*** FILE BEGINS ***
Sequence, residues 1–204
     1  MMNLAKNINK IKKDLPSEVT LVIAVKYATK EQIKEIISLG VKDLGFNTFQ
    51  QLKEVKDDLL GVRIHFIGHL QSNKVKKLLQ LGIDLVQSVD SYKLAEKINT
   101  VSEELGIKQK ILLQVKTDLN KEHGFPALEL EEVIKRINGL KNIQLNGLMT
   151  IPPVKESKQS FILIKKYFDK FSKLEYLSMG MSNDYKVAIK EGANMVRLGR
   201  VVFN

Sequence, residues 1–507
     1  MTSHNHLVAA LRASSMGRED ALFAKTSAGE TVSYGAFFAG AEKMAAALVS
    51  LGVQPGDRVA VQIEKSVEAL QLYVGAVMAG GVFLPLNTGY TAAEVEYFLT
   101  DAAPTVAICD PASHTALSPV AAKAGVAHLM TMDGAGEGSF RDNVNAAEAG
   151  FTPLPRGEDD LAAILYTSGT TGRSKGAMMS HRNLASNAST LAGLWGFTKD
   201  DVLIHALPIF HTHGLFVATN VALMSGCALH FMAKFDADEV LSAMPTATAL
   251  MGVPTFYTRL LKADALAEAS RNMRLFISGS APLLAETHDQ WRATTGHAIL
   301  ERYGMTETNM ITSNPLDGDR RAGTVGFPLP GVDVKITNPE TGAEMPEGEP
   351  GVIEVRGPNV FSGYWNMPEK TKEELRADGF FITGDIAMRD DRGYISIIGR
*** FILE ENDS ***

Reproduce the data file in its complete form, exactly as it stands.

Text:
Sequence, residues 1–204
     1  MMNLAKNINK IKKDLPSEVT LVIAVKYATK EQIKEIISLG VKDLGFNTFQ
    51  QLKEVKDDLL GVRIHFIGHL QSNKVKKLLQ LGIDLVQSVD SYKLAEKINT
   101  VSEELGIKQK ILLQVKTDLN KEHGFPALEL EEVIKRINGL KNIQLNGLMT
   151  IPPVKESKQS FILIKKYFDK FSKLEYLSMG MSNDYKVAIK EGANMVRLGR
   201  VVFN

Sequence, residues 1–507
     1  MTSHNHLVAA LRASSMGRED ALFAKTSAGE TVSYGAFFAG AEKMAAALVS
    51  LGVQPGDRVA VQIEKSVEAL QLYVGAVMAG GVFLPLNTGY TAAEVEYFLT
   101  DAAPTVAICD PASHTALSPV AAKAGVAHLM TMDGAGEGSF RDNVNAAEAG
   151  FTPLPRGEDD LAAILYTSGT TGRSKGAMMS HRNLASNAST LAGLWGFTKD
   201  DVLIHALPIF HTHGLFVATN VALMSGCALH FMAKFDADEV LSAMPTATAL
   251  MGVPTFYTRL LKADALAEAS RNMRLFISGS APLLAETHDQ WRATTGHAIL
   301  ERYGMTETNM ITSNPLDGDR RAGTVGFPLP GVDVKITNPE TGAEMPEGEP
   351  GVIEVRGPNV FSGYWNMPEK TKEELRADGF FITGDIAMRD DRGYISIIGR